A designer’s cosseting urban apartment
Liam Mooney’s heritage apartment in the heart of Cape Town’s inner city taps into comfort while portraying his unique creative eye.
Having run Liam Mooney Studio downstairs Liam jumped at the opportunity to make this 2nd floor Hout Street apartment his own. Built in the early 1900s, thanks to its rare and generous size (150 square metres) and historical preservation such as the original tiled bathroom, it has become the envy of most Capetonian apartment dwellers. “I loved the rooms that lead on to each other (passages are my worst) and the beautiful woodwork in the doors and frames. The balcony looking over the tree-lined street was also a major drawcard,” Liam recalls.
It’s a space that prioritises comfort, celebrates local talent and is seldom the same. The latter can be put down to two things: Liam’s love of editing his domestic environment and an incredibly flexible room layout. Inheriting just one water point in the scullery would be a problem worth lamenting for most, but Liam has taken it as an opportunity to celebrate a never-settling kitchen. His kitchen moves around the apartment depending on his mood as nothing is fixed.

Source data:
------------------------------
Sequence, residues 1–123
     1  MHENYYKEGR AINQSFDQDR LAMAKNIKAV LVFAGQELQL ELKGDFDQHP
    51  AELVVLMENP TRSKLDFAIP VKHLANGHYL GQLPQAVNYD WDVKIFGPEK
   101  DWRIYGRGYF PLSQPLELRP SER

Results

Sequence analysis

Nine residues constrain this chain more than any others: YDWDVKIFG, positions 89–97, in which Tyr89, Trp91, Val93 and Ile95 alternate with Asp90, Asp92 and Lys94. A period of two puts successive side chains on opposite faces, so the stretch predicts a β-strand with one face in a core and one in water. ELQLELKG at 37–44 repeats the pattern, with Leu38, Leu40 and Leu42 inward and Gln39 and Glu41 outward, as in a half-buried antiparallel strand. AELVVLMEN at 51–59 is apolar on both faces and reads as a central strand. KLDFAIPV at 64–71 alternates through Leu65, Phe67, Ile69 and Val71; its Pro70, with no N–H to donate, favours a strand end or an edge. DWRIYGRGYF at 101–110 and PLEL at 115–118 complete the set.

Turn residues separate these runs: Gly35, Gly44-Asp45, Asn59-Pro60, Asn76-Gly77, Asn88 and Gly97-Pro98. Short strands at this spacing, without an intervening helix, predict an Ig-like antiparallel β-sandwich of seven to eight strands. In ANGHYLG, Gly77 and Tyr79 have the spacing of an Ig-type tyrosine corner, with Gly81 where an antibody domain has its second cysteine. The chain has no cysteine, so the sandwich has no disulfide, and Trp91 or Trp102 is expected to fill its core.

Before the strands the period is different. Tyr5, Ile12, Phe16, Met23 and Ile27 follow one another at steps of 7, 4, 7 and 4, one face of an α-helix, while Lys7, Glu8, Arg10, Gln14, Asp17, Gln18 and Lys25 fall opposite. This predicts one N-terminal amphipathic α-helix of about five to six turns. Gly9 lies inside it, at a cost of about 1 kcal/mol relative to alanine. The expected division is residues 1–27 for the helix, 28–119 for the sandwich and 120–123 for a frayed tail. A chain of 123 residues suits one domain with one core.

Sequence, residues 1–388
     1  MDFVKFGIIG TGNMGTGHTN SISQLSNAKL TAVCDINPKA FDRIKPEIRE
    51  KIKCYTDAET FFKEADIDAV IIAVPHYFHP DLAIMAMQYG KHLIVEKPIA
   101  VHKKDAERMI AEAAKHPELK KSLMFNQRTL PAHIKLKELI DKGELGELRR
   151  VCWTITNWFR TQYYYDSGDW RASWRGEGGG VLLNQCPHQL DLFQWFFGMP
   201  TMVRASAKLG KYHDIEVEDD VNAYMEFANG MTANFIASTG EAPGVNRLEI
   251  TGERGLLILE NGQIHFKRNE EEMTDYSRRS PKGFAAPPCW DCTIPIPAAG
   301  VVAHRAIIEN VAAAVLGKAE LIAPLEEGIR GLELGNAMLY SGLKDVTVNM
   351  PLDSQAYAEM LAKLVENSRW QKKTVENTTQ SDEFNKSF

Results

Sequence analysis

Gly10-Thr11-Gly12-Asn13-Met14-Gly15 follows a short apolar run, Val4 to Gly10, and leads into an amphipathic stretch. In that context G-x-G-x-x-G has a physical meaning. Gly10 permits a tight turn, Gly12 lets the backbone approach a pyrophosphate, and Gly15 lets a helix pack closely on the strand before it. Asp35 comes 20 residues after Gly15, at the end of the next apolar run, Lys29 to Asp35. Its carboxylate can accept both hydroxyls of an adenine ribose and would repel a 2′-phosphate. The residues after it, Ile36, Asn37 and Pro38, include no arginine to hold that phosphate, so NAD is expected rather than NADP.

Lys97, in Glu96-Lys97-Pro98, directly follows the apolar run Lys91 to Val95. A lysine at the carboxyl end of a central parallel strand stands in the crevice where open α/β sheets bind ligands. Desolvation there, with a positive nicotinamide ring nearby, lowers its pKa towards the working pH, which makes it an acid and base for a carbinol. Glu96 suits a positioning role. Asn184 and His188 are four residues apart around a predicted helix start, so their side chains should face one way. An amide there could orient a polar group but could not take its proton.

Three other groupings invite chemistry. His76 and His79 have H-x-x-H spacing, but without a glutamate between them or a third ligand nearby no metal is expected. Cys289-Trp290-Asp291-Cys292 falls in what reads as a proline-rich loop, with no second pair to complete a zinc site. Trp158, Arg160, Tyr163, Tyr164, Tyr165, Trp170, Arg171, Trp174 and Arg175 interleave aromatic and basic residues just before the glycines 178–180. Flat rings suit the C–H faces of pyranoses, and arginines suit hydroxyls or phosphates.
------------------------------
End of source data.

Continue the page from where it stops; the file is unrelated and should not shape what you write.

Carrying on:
“The space is very ‘me’, perhaps the most me an interior has ever been,” Liam notes. He’s a self-proclaimed “compulsive collector”, a regular at auctions and second-hand stores. This has resulted in a home with a singular identity, a space filled with history and an energy that transcends the current. With a personal collection of art and objet that swells among the apartments few walls, there’s a narrative that runs through the space and maintains order. “I like unusual combinations, things that don’t match and lots of contrast; think old and new, hard and soft,” he says.
“When it came to decorating my home, I didn’t plan it as I would a commercial job. It was important to me that the space grew and evolved naturally,” he explains. Essentially, he has given the interior a chance to write its own story. “Curtains in bold colours came and went. Striking rugs delineate spaces. Colours change often,” he adds. But honest comfort is at the heart of it all: “in loads of padding, squishy upholstery, carpets underfoot and walls of soft curtains”.
On weekends you’ll find Liam on his balcony, savouring the peace that Sundays in the city bring. “It’s a magical day – everyone has buggered off and it’s quiet for a change,” he quips.
THREE QUICK QUESTIONS WITH LIAM MOONEY
What possessions would accompany you to the grave?
Gifts, which I hold the most dear. My friend Laureen Rossouw would bring a small item from her own collection every time she came for dinner. I’ve received snooker balls, handmade ceramics and Robben Island slateware from her and I treasure them. Objects by young South African designers are special to me too: Joe Paine’s stilt lamp and Ben Orkin’s sculptural vase for example.
Any clever design tricks up your sleeve?
Taking art up to the ceiling in unusual arrangements makes a space feel double the size.